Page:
China, a country where 4 per cent of the population are still living in poverty (following the rather rigorous definition of the World Bank), is about to spend billions of dollars to enable a few Chinese astronauts a flight to the Moon by 2025. There is hardly a tangible benefit to be found in this project – except some kind of international prestige. Meanwhile, the resources (we are talking here about much more than just money, e.g. time, skills etc.) required for its successful carrying out might well be sensibly invested in development projects that would yield a high social return. China’s Moon project seeems to be a particular variation of the positional goods problem described by Fred Hirsch in 1976 – on the national rather than individual level. And it seems to be even more profound than the difficulty originally identified by Hirsch. Continue reading
Five days ago the 17th Conference of Parties (COP17) of the United Nations Framework Convention on Climate Change (UNFCCC) was launched in Durban, South Africa. 19 years have gone past since the path-breaking United Nations Conference on Environment and Development in Rio de Janeiro where the UNFCCC was created, and 17 years since its parties agreed upon the so-called Kyoto Protocol – a joint effort of developed countries particularly to tackle anthropogenic climate change. Next year the Kyoto Protocol is going to expire. So, it is worth-while to think about what needs to be done – and contrast that with what one can “reasonably” expect from the members of the international community gathered together in Durban these days. Continue reading
A few weeks ago I wrote a post about the Yasuní-ITT initiative as an attempt to attach a value to ecosystems. The initiative’s goal is to set up a fund assisting the development of Ecuador in return for the country’s government not exploiting the oil reserves lying under the Yasuní-ITT rainforest. Owing mainly to the refusal of the German development minister Dirk Niebel, the fund has not been set up so far. Thus it was interesting to read his commentary on that subject in a newspaper the day before yesterday. In the following I would like to present his arguments and comment on them. Continue reading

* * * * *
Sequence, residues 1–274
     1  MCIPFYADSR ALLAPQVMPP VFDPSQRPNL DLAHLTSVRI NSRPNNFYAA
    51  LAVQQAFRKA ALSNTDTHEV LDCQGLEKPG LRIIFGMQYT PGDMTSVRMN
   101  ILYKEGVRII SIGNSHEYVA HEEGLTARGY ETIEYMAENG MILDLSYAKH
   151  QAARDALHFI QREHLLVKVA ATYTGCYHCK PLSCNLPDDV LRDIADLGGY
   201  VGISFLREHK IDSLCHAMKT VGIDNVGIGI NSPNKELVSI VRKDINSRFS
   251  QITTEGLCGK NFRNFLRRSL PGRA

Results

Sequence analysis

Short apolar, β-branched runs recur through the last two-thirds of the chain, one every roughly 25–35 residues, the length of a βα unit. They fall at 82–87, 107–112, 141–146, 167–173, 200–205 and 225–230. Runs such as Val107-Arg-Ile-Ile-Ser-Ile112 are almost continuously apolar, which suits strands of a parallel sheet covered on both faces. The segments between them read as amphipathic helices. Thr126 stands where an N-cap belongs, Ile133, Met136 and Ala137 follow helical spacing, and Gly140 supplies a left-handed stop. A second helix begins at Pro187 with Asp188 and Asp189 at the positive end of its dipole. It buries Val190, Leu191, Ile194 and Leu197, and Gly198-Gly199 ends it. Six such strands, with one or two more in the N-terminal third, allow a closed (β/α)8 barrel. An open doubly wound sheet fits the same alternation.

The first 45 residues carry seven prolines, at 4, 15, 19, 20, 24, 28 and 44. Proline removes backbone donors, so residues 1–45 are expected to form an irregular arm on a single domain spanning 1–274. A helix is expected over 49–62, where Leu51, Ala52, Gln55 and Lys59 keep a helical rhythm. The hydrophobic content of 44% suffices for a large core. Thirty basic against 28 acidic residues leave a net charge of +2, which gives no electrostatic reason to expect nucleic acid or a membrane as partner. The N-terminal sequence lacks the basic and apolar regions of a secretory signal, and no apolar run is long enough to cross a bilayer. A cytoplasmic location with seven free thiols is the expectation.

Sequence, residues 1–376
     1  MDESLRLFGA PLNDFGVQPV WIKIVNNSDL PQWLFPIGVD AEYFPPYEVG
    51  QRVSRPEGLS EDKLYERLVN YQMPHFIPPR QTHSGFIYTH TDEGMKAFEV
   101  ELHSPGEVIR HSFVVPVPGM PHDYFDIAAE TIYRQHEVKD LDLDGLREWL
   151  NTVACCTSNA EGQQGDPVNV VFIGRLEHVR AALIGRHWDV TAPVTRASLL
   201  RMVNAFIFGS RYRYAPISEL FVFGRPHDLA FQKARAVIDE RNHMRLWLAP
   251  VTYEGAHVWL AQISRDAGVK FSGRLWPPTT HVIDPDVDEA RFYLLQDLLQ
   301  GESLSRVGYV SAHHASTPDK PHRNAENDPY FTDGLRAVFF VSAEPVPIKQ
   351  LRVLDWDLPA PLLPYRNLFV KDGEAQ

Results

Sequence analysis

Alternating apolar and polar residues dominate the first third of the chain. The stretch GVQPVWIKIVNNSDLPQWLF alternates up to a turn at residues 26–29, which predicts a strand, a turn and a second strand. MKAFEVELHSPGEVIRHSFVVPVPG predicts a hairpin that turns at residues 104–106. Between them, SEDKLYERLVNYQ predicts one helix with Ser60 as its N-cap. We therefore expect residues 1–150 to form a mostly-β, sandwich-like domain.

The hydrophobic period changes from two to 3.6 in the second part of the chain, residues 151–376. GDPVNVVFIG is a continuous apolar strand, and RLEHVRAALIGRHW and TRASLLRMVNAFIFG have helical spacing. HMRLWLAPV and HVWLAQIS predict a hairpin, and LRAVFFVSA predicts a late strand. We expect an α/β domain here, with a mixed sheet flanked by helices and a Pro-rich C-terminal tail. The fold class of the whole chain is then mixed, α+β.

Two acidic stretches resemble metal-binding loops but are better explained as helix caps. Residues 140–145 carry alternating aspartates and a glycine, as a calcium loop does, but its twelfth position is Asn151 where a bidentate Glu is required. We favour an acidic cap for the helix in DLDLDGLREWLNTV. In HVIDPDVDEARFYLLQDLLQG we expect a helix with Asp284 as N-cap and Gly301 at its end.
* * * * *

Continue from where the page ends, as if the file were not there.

A frequent demand by NGOs that deal with developing countries’ affairs is that rich countries (i.e., mainly the European Union, the US, Canada and Japan) increase the levels of their ODA (=official development assistance). In fact, developed countries commited (40 years ago) to raise their ODA to a level of 0,7% of their respective GDPs. So far, only a handful met this obligation. Meanwhile, there are many arguing that ODA is doomed to failure, so it is a wastage of time and money to engage in development assistance at all. I think that the problem is rather more complex. It is not just about whether and how much to invest in ODA – the matter is, actually, how we do it. And there are many problematic issues in this area. Continue reading
Yvo de Boer, former secretary general of the United Nations Framework Convention on Climate Change (UNFCCC), said in an interview with the German “tageszeitung”:
The spirit of the Kyoto Protocol vanished. The body is still being artificially held alive and maybe some organs can be transplanted. But we must recognize that the Kyoto Protocol is dead.
His proposal is to give up the idea of a “post-Kyoto” and try new ideas instead – for example the establishment of a world climate organization similar to the WTO – one that would formulate standards for economic actors and give the markets more weight in combating climate change. Continue reading
Here an excerpt:
The US claims that such impressive feats have been achieved in part by the establishment of a green fund that helps firms make wind power equipment, with the stipulation that some parts be sourced from Chinese firms. If the WTO finds that China’s green fund targets only specific sectors, that such funds are conditioned on sourcing to local firms, and that the funds are channelled to trade activities that harm US firms and workers, then China may indeed be found in violation of the WTO rules.
But if that does prove to be the case, China should not be seen as the problem. The problem is the WTO.
Neither nor. The UN Climate Change Conference in Cancún, Mexico, had an end yesterday. It has achieved surprisingly much when you consider the pessimistic forecasts (success). It has achieved very little when you consider the actual needs (failure). With other words: we have not been dropped back, but we have not come further as well. We are standing still. It is sad that this is considered a success by many. Continue reading
An often quoted criticism of the rich countries by globalization critics is that they permanently seem unable to meet the goal of spending 0,7 per cent of their GNP on Official Development Assistance – something they committed to in 1970 for the first time. 40 years have gone since, and there are only 5 OECD countries whose ODA lies above the target: Luxemburg, Sweden, Norway, Netherlands and Denmark. Others are far from reaching it. Continue reading
Poverty alleviation is perhaps the most complex, most important and most challenging task humanity ever have tackled. And there are a lot of people who sacrifice their time, skills and more for this quest. Think on the Millennium Development Campaign, the first micro-credit foundations or the many grass roots movements in the so called “Third World”. Continue reading
It’s interesting, how big the difference is between the approaches to developmental help of the so called “First World” on the one, and China on the other hand. And the effects of them. Continue reading